Hazleton was a long-time home to minor baseball. On April 14, 1934, the Philadelphia Phillies entered into an affiliation agreement with the New York-Penn League Hazleton Mountaineers. This was the first ever minor league affiliation for the Phillies.[24] The last minor-league club to play in Hazleton was the Hazleton Dodgers in 1950, a Brooklyn Dodgers farm-club which played in the Class D North Atlantic League.[25]

Landmarks and historic locations[edit]

Hazleton's modest skyline is remarkable for a city its size. Almost unaffected by examples of modern architecture, it provides an interesting window on American urbanism prior to World War II.

Sister cities[edit]

Hazleton has several sister cities. They are:

Climate[edit]

The Köppen Climate Classification subtype for this climate is "Dfb" (Cool Summer Continental Climate).[26]

Climate data for Hazleton,Pennsylvania
MonthJanFebMarAprMayJunJulAugSepOctNovDecYear
Average high °C (°F)−1
(30)
1
(33)
5
(41)
12
(54)
18
(65)
22
(72)
25
(77)
24
(75)
20
(68)
14
(57)
7
(45)
1
(34)
12.3
(54.3)
Average low °C (°F)−11
(13)
−9
(15)
−5
(23)
1
(34)
7
(44)
11
(52)
14
(58)
13
(56)
9
(49)
3
(38)
−2
(29)
−8
(18)
1.9
(35.8)
Precipitation mm (inches)81
(3.2)
71
(2.8)
86
(3.4)
100
(4)
117
(4.6)
130
(5)
112
(4.4)
114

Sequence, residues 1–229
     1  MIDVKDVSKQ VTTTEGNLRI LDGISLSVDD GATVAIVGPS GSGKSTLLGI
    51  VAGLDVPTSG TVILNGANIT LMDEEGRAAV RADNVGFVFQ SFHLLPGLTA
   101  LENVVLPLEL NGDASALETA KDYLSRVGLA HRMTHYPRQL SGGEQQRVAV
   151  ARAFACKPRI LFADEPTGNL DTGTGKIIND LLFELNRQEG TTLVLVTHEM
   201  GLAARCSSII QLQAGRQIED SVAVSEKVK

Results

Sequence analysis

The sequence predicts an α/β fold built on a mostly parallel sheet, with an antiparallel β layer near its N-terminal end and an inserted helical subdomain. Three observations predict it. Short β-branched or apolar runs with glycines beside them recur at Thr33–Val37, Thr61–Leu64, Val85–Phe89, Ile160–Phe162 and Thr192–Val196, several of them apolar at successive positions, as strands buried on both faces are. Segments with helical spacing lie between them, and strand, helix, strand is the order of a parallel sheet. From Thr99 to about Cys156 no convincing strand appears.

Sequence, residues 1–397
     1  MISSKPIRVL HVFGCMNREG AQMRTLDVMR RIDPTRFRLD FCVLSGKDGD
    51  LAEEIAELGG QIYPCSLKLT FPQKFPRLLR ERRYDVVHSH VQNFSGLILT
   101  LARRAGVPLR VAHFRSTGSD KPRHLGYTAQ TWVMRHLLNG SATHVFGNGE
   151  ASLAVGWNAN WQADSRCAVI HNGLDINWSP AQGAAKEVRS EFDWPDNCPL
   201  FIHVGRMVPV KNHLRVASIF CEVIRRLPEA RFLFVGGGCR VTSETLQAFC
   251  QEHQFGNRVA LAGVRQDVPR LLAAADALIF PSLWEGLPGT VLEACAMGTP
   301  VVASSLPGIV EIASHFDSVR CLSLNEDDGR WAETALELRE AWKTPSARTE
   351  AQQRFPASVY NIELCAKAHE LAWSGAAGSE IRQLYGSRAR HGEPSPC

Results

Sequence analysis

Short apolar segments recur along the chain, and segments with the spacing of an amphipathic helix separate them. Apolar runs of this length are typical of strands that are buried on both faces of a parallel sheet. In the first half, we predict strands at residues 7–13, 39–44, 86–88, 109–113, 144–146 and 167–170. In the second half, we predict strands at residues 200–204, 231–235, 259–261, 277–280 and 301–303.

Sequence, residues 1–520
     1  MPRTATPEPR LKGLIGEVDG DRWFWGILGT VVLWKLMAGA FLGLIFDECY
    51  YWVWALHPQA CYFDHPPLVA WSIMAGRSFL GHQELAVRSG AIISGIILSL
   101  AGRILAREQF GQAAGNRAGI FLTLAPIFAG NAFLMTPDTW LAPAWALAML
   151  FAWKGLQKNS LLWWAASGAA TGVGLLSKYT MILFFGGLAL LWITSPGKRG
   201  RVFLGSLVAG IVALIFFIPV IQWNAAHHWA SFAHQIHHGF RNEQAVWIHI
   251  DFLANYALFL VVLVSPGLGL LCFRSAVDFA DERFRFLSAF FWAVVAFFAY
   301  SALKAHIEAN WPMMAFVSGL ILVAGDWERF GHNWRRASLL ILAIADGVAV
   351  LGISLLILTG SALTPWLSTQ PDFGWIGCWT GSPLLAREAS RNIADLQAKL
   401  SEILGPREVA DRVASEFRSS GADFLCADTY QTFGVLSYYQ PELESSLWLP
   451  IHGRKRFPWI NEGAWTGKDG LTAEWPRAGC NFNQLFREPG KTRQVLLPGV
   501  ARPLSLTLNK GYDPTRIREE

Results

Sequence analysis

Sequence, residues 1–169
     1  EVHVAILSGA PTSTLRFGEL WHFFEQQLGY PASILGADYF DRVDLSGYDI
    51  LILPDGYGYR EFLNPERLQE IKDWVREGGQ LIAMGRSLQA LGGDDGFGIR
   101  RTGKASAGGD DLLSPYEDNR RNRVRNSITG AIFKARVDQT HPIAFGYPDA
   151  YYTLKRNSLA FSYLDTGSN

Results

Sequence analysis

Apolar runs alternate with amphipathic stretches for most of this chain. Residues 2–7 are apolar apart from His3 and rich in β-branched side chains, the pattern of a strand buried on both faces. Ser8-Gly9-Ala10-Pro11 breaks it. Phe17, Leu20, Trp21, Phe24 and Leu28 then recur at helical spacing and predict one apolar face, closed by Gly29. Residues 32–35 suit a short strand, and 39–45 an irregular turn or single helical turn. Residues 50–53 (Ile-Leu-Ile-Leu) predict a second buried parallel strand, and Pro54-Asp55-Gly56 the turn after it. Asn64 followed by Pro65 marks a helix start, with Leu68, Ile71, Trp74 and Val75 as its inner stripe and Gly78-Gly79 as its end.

(4.5)
130
(5)
97
(3.8)
100
(4)
81
(3.2)
1,219
(47.9)
Source: Weatherbase [27]

References[edit]

  1. ^ 2000 census count
  2. ^ Greater Hazleton Historical Society
  3. ^ Greater Hazleton Historical Society
  4. ^ Greater Hazleton Historical Society
  5. ^ Text of the ordinances
  6. ^ Illegal Immigration Relief Act passed | Small Town Defenders - Hazleton, Pennsylvania
  7. ^ 2006-19 _Official English
  8. ^ "Towns take a local approach to blocking illegal aliens". Washington Times. 2006-09-21. 
  9. ^ "Welcome To Hazleton". CBS News. November 17, 2006. 
  10. ^ BillOReilly.com: The O'Reilly Factor Flash
  11. ^ Initial Complaint
  12. ^ First Amended Complaint
  13. ^ Second Amended Complaint
  14. ^ Lozano v. City of Hazleton (3rd Cir. 2013)
  15. ^ "US Gazetteer files: 2010, 2000, and 1990". United States Census Bureau. 2011-02-12. Retrieved 2011-04-23. 
  16. ^ Population
  17. ^ "Number of Inhabitants: Pennsylvania". 18th Census of the United States. U.S. Census Bureau. Retrieved 22 November 2013. 
  18. ^ "Pennsylvania: Population and Housing Unit Counts". U.S. Census Bureau. Retrieved 22 November 2013. 
  19. ^ a b "American FactFinder". United States Census Bureau. Retrieved 2008-01-31. 
  20. ^ "Annual Estimates of the Resident Population". U.S. Census Bureau. Retrieved 22 November 2013. 
  21. ^ [1]
  22. ^ "DP-1: Profile of General Population and Housing Characteristics: 2010". factfinder2.census.gov. Retrieved 15 August 2014. 
  23. ^ "Amazon to Locate New Distribution Center in Hazleton, PA". Reuters. May 19, 2008. 
  24. ^ "Hazelton to Be Phils' Farm". New York Times. 1934-04-15. Retrieved 2009-09-29. 
  25. ^ "Hazleton, PA". BR Bullpen. Retrieved 2009-09-29. 
  26. ^ Climate Summary for Hazleton,Pennsylvania
  27. ^ "Weatherbase.com". Weatherbase. 2013.  Retrieved on August 9, 2013.

External links[edit]